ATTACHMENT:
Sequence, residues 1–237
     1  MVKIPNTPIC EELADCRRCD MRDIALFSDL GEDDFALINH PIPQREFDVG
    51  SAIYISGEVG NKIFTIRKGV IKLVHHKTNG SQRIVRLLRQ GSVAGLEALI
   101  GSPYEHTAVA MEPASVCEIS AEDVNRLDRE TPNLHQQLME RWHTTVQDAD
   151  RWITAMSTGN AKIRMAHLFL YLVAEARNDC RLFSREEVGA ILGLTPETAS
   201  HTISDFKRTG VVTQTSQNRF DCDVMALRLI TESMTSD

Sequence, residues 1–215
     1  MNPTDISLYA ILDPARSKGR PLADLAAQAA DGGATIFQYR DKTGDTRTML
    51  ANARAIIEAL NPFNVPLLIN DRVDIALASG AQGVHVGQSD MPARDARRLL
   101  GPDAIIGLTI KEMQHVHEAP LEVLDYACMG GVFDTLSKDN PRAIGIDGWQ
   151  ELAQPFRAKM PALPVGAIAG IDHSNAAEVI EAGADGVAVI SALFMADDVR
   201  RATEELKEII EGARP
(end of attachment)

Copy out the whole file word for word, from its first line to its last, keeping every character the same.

Sequence, residues 1–237
     1  MVKIPNTPIC EELADCRRCD MRDIALFSDL GEDDFALINH PIPQREFDVG
    51  SAIYISGEVG NKIFTIRKGV IKLVHHKTNG SQRIVRLLRQ GSVAGLEALI
   101  GSPYEHTAVA MEPASVCEIS AEDVNRLDRE TPNLHQQLME RWHTTVQDAD
   151  RWITAMSTGN AKIRMAHLFL YLVAEARNDC RLFSREEVGA ILGLTPETAS
   201  HTISDFKRTG VVTQTSQNRF DCDVMALRLI TESMTSD

Sequence, residues 1–215
     1  MNPTDISLYA ILDPARSKGR PLADLAAQAA DGGATIFQYR DKTGDTRTML
    51  ANARAIIEAL NPFNVPLLIN DRVDIALASG AQGVHVGQSD MPARDARRLL
   101  GPDAIIGLTI KEMQHVHEAP LEVLDYACMG GVFDTLSKDN PRAIGIDGWQ
   151  ELAQPFRAKM PALPVGAIAG IDHSNAAEVI EAGADGVAVI SALFMADDVR
   201  RATEELKEII EGARP